As a favorite of his father, he was to become the heir to the throne. Jehangir was distinguished by a sharp mind, which allowed him to successfully study but he was also fearless in battle. Experiencing an irretrievable loss, Temur decided that a most beautiful mausoleum should be built in memory of his boundless love for his son. He called out for the best architects who lived in different parts of the Khorezm empire. A grandiose structure in memory of the heir was supposed to grow in the hometown of Temur – Shakhrisabz.
This structure was called Dorus-Saodat, or Dorusiadat. In Russian translated as “repository of power.” The building was not only the burial place of Tsarevich Jehangir but also other representatives of the Timurid clan.In 1404 in the records of the Spanish ambassador Clavijo observed: “By the special order of Timur the meat of twenty sheep is cooked and distributed in alms and this is being done in memory of his father and his son here daily.” Jehangir’s mausoleum, crumbling yet still impressive, is all that remains above ground.
A tiled corner tower reveals the mausoleum as the left column of a grand entrance facing the street, while the unusual conical dome, 27 meters high on a 16-sided drum, shows the handicraft of captured Khorezmian craftsmen. Photo by shagayu_po_tashkentu.
Kok Gumbaz Mosque
Kok Gumbaz Mosque is the largest mosque in the entire territory of Shakhrisabz and it is clearly recognized from its blue dome after which it is named. The structure was built by Tamerlane’s grandson Ulug Beg as Shakhrisabz’s Jumma (Friday) Mosque and the centerpiece of the Dorut Tilovat Madrassah. The mosque is a part of the Dorut-Tillyavat architectural ensemble and it is attached to the tomb of Shamseddin Kulyal.
Kok-Gumbaz was the venue for the most important religious services. The building of the mosque is crowned by a huge dome covered with blue ceramic tiles. The internal space of Kok-Gumbaz mosque is almost square in its layout and has four deep niches carefully adapted to each corner of the earth. The entire wall surface was covered with ganch stucco and painted with intricate dark and light blue ornaments.
Khazreti Imam Mosque
Next to the memorial, in the Dorus-Saodat complex remained one more monumental construction of Temuridsky till today is the Mosque Hazrat-Imama. It is a 19th-century building with a charming wooden avian in the veranda (entry hall). It was signed by a wide silver-colored dome.
Even though it is not explicitly named in honor of one particular man, the inscription across the doors possibly related it to Abu Abdulla Muhammad ibn Nasr al Keshi, a local holy man in the 9th century, whose corpse legend says Tamerlane brought back from Baghdad. This significant sanctity provided local mullahs importance to prevent Abdullah Khan and other purgers of the Timurid legacy from destroying the whole complex.
Dorut Tilavat Complex
Dorut-Tillyavat memorial complex is located in the southeastern part of Shakhrisabz and at the South end of the park area. The buildings of the complex date back to the late 14-15th centuries. In 1360 or 1361, the remains of Emir Taragay (Tamerlan’s father) rested here. He was the father of Amir Temur. The appearance of the burial complex is connected with the name of the famous and respected religious minister – Sufi Shamseddin Kulyal. He was the spiritual teacher of both Taragai and Temur. Shamseddin Kulyal was one of the authors of Sufism and Sheikh Bahauddin Nakshbandi’s mentor. He gained enormous respect even from his contemporaries, who rushed to him for help not only in religious but also in secular matters. Shamseddin Kulyal was from the potter’s family and became an associate of Temur’s father Taragay and was his mentor. His mausoleum was the earliest one built here. The Sheikh died in 1370 and his grave was surrounded by great veneration and worship. Some parts of the Dorut-Tillavat Complex has been set aside for a madrasah. It was the building where Tamerlane moved the remains of his father Taragay, so the madrasah became a mausoleum as well. The Dorut-Tillyavat ensemble includes tombs, a mosque, and a madrasah, and was completed during the reign of Temur’s grandson, the famous astronomer Ulugbek.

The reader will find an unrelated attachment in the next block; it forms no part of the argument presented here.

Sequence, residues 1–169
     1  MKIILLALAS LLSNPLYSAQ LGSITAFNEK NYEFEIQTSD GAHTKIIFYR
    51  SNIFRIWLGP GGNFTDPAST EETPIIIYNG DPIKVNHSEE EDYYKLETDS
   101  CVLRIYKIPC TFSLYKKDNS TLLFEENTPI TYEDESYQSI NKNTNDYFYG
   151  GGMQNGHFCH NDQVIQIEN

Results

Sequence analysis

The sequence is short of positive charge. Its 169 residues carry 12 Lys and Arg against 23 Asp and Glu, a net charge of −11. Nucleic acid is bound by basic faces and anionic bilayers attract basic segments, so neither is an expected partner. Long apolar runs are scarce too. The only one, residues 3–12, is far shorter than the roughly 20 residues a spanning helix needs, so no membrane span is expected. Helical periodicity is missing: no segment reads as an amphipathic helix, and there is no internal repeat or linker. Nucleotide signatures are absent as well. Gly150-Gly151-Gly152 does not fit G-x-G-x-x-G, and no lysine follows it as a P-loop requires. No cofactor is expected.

Amir Timur Museum
Amir Timur Museum shows the local archaeological findings including for example clay works from the Ak Serai, an 18 kg set of chain mail and cannonballs used by Bukharan Emir Abdullah during an attack on the city. The highlight of Amir Timur museum in Shahrisabz is a model describing Timur’s entire kingdom, from Egypt to Kashgar.
Shahrisabz Chorsu Bazaar
Сhorsu domed bazaar is a typical Silk Road building built on the trade crossroads during the 15th century. Today the Shahrisabz Chorsu still serves its primary purpose. The outer dome covers an octagonal hall, which is surrounded by four smaller domes, each with its own portal.
The bustling stalls inside also spill out to the square outside. Among other things, one can find there nicely handmade Central Asian style wooden cribs, that are constructed with a hole in the base to facilitate the easy cleaning of the baby in the absence of a nappy. The bazar is located just next to the newly built park areas South from Ak Saray.
How to get to Shahrisabz
Bus / Taxi
There are regularly operated minibusses from Tashkent to Shahrisabz taking about 8 hrs. Shared taxis also run the same road and are faster but about twice the price. Shakhrisabz sits just in 90 km South of Samarkand, but the drive across the mountains still takes around two hours and in the winter even more if there is snow on the pass. Minibuses between Samarkand and Shakhrisabz take two hours and sometimes expect you to change at Kitab. New bus station is located on the South part of town about 3,5 km from the city center.
Page updated 12.12.2020